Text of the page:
Gainesville approved a $68.4 million total budget and will tap into its reserve fund by $3.4 million to match expenditures. As proposed, the budget would leave slightly more than $3 million left in the reserve fund.
“I’m fine with the preliminary budget proposal,” Syfan said. “But I think we need to look hard at it before the final budget and think about what we want to do and be thinking about next year, too.”
Local funding for city schools is down about $1 million, and state austerity cuts kept another $4.7 million in state funding out of the system’s budget.
Health benefits and teachers’ retirement will cost the city system another $1 million.
Along with the rate increase, Hall school officials say they are continuing to cut costs even with an increasing student body.
“I think it’s fascinating that we’re up 700 students from where we were four years ago and you’ll see a budget that’s $27 million less than the budget was four years ago. Interesting times for education,” said Schofield, who took the opportunity a few times Monday night to provide commentary on the drop in education funding.
Gainesville’s enrollment has increased more than 1,000 students since 2008 and over that time period, the system has earned $21 million more than the state allocated.
As part of their cuts, Hall schools are implementing 10 furlough days, up from eight in the last school year.
However, Schofield said he’s hopeful the system may be able to reinstate one instructional day on Feb. 15, 2013, and one teacher workday on May 31.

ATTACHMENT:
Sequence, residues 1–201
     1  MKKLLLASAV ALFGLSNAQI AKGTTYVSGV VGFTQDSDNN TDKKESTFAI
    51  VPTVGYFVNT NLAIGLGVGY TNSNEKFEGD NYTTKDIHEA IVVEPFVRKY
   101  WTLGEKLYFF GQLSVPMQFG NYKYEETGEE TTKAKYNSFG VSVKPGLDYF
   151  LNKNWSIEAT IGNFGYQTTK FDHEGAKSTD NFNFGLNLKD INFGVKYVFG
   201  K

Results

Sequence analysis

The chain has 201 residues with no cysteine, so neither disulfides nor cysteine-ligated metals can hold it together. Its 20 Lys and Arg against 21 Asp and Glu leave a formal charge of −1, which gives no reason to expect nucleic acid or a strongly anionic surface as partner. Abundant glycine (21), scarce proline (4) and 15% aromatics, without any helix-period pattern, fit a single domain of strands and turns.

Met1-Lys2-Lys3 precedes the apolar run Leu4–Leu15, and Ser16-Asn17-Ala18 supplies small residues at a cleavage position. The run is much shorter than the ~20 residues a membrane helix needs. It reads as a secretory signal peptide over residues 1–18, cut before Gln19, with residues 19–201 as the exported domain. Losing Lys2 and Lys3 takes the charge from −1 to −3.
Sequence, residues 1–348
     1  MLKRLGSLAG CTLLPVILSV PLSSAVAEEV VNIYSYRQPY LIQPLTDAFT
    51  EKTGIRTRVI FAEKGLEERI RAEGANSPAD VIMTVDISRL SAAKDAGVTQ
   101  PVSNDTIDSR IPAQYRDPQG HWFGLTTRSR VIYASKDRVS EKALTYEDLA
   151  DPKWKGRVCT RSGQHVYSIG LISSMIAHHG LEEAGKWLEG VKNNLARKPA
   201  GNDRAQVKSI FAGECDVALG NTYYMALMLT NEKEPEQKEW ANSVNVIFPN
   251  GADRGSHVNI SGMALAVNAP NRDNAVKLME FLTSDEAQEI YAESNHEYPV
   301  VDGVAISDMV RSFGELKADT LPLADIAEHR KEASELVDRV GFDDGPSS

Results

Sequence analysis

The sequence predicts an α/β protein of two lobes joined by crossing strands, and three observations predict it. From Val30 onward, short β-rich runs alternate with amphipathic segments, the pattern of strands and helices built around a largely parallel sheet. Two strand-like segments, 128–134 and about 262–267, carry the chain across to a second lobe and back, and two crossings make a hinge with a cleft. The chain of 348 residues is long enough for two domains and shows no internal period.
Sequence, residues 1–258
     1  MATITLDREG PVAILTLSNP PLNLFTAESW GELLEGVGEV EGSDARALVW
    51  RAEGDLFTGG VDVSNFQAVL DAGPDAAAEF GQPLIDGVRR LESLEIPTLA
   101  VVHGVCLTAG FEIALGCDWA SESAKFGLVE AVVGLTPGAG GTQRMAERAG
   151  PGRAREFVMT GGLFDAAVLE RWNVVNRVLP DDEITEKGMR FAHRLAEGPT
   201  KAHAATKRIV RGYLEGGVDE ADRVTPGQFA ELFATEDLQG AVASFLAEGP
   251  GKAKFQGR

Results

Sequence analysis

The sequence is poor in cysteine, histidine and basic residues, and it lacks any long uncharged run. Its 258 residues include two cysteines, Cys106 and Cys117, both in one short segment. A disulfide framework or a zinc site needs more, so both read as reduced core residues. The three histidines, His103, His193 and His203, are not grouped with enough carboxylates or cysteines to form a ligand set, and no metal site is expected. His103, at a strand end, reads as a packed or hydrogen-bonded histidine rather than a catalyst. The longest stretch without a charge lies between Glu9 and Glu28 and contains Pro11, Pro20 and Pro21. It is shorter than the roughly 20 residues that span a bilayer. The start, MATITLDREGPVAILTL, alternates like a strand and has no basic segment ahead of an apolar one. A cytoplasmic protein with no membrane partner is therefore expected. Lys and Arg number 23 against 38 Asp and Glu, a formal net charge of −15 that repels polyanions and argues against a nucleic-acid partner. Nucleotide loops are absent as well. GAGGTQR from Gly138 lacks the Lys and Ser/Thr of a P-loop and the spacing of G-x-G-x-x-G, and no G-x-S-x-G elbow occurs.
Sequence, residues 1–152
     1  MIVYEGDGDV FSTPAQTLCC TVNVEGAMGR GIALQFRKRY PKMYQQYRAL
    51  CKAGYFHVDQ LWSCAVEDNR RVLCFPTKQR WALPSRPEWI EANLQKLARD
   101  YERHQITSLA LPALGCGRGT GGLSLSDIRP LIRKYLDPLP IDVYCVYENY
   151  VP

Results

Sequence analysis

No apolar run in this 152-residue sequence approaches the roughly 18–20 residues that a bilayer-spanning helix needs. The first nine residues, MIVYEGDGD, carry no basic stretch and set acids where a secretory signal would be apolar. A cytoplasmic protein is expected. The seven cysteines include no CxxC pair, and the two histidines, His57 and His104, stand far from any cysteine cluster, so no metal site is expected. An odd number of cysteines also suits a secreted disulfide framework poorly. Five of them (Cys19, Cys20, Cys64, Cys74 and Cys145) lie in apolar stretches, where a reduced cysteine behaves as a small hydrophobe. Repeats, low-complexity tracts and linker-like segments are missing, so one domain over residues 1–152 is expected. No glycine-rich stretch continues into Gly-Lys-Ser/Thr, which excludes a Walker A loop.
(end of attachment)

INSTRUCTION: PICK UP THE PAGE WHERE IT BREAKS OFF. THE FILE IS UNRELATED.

“As a father, I think it’s sad that our children are going to school less than they were five years ago,” Schofield said. “I think our culture has made some determinations about what’s important. And it seems that kids going to school 180 days isn’t in there.”
Gainesville also has proposed 10 furlough days, but will re-evaluate that in November and February to determine if days can be added back on.
“At this time, with our budget situation and the data we have from our tax digest and other revenue sources, we are not prepared to begin without a 10-day reduction,” said Merrianne Dyer, Gainesville superintendent.
Gainesville will look to cut 24 positions through attrition, nonrenewals and shifting employees. The employee day care facility also will be closed.
Hall proposed to cut 22 positions from last year and expects to cut 5 to 10 more — all through attrition.
Schofield wasn’t the only one mourning the current state of education funding at the school board meeting.
Chairman Morris added, “We can’t survive on the way we’re funding education. It’s unsustainable. The teachers are suffering. The kids could be suffering.”
However, Board Member Craig Herrington pointed to the resiliency of the school system and its staff. Despite cuts, he said, education is continuing to thrive in the system.
“We have students graduating and going to Ivy League schools,” he said. “Our test scores — even though they may not be where we want them to be — are going up.”
Both preliminary budgets will be open for public viewing for two weeks before the boards vote to approve a final budget before the end of the month.